Everyone’s cycle varies, from the severity of their PMS symptoms to the kind of discharge they expel. During menstruation, the body removes tissue and blood from the uterus via the vagina, which can range in color from bright red to dark brown or black, depending on how old it is. Blood that remains in the uterus for an extended period reacts with oxygen and has had time to oxidize, resulting in a dark appearance.

Hormonal changes and health factors can also influence the color and texture of your menstrual blood. It can be scary to experience sudden changes in your cycle, especially with no explanation as to why. While period blood that has become black usually is not usually cause for concern, it can sometimes indicate a more serious medical issue on rare occasions. Let’s dive deeper.

Meet the Expert: Dr. Diana Rangaves writes for 21Ninety’s as a health and wellness expert. She is a pharmacist, philanthropist, and ethics professor turned writer, holding a Doctorate in Pharmacy from the University of California. She also serves as the Executive Editor and Chief Content Officer for Healthcare Worldwide Central and has published several works in medical and pharmaceutical publications, academic books, as well as, scholarly articles.

Potential Causes of Black Menstruation Blood

One of the most prevalent causes of black period blood is menstrual blood that has been left in the uterus for an extended period. Menstrual blood is typically red or brown because of the presence of oxygen, which causes the blood to oxidize. However, when blood is held in the uterus for an extended period, the lack of oxygen causes the blood to become black. This can happen if you have a light flow or your cervix is closed during your period.

Black menstrual blood and vaginal discharge are not necessarily cause for alarm. It frequently occurs at various points throughout a cycle, notably at the start or end of a period. The vaginal discharge might occasionally provide signs about your health. There are several plausible explanations for black period blood. Here are some possibilities to consider:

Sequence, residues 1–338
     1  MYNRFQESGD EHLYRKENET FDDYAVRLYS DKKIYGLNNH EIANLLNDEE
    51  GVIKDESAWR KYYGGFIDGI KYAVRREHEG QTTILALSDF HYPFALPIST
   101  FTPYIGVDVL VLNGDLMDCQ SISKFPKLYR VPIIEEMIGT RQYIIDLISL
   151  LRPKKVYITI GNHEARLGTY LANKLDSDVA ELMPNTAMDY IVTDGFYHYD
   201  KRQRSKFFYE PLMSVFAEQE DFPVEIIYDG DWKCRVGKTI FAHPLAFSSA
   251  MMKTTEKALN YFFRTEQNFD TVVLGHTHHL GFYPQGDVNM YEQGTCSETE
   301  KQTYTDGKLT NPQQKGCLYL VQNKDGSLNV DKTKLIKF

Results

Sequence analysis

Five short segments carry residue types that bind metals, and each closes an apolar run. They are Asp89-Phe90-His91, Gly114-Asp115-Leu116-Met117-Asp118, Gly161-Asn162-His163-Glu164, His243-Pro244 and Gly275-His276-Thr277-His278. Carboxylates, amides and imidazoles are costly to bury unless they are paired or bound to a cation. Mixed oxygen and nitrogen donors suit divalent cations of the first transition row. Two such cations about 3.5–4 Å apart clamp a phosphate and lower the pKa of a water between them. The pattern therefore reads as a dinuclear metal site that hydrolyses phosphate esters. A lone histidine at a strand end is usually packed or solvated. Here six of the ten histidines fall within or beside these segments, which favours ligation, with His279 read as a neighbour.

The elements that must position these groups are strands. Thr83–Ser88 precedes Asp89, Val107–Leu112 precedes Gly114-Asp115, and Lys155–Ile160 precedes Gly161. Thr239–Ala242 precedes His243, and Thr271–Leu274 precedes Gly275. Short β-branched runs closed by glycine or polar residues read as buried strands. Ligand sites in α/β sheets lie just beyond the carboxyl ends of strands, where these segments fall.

Hormonal Imbalance

Black period blood can also result from hormonal abnormalities. Hormones like progesterone and estrogen primarily regulate your menstrual cycle. Unbalanced levels of these hormones can alter the thickness of your uterine lining, which can result in irregular menstruation and unusual bleeding. The blood may also appear dark brown or black due to this.

An Object Stuck in the Vagina

Period blood may indicate the presence of an object or foreign body in the vagina, such as a tampon that was left behind. Other items that could become lodged in the vagina are sex toys, condoms, and contraceptive devices such as cervical caps, rings, sponges, and diaphragms.

These have the potential to irritate and infect the vaginal lining over time. In addition to black period blood, other signs of an infection could include:

  • Vaginal discharge with an unpleasant odor
  • Itching or discomfort in the vaginal area
  • Swelling or rash in the vaginal region
  • Fever
  • Having trouble urinating
  • Pain in the abdomen or pelvis

Seek medical attention right away if you have any of the above symptoms along with black period blood and suspect something is lodged inside of you.


Black period blood can also result from illnesses, including bacterial vaginosis and sexually transmitted infections (STIs). These infections have the potential to irritate and inflame the uterus and cervix, which can result in irregular discharge and bleeding. It’s crucial to go over treatment choices with your healthcare professional if you think you could have an infection.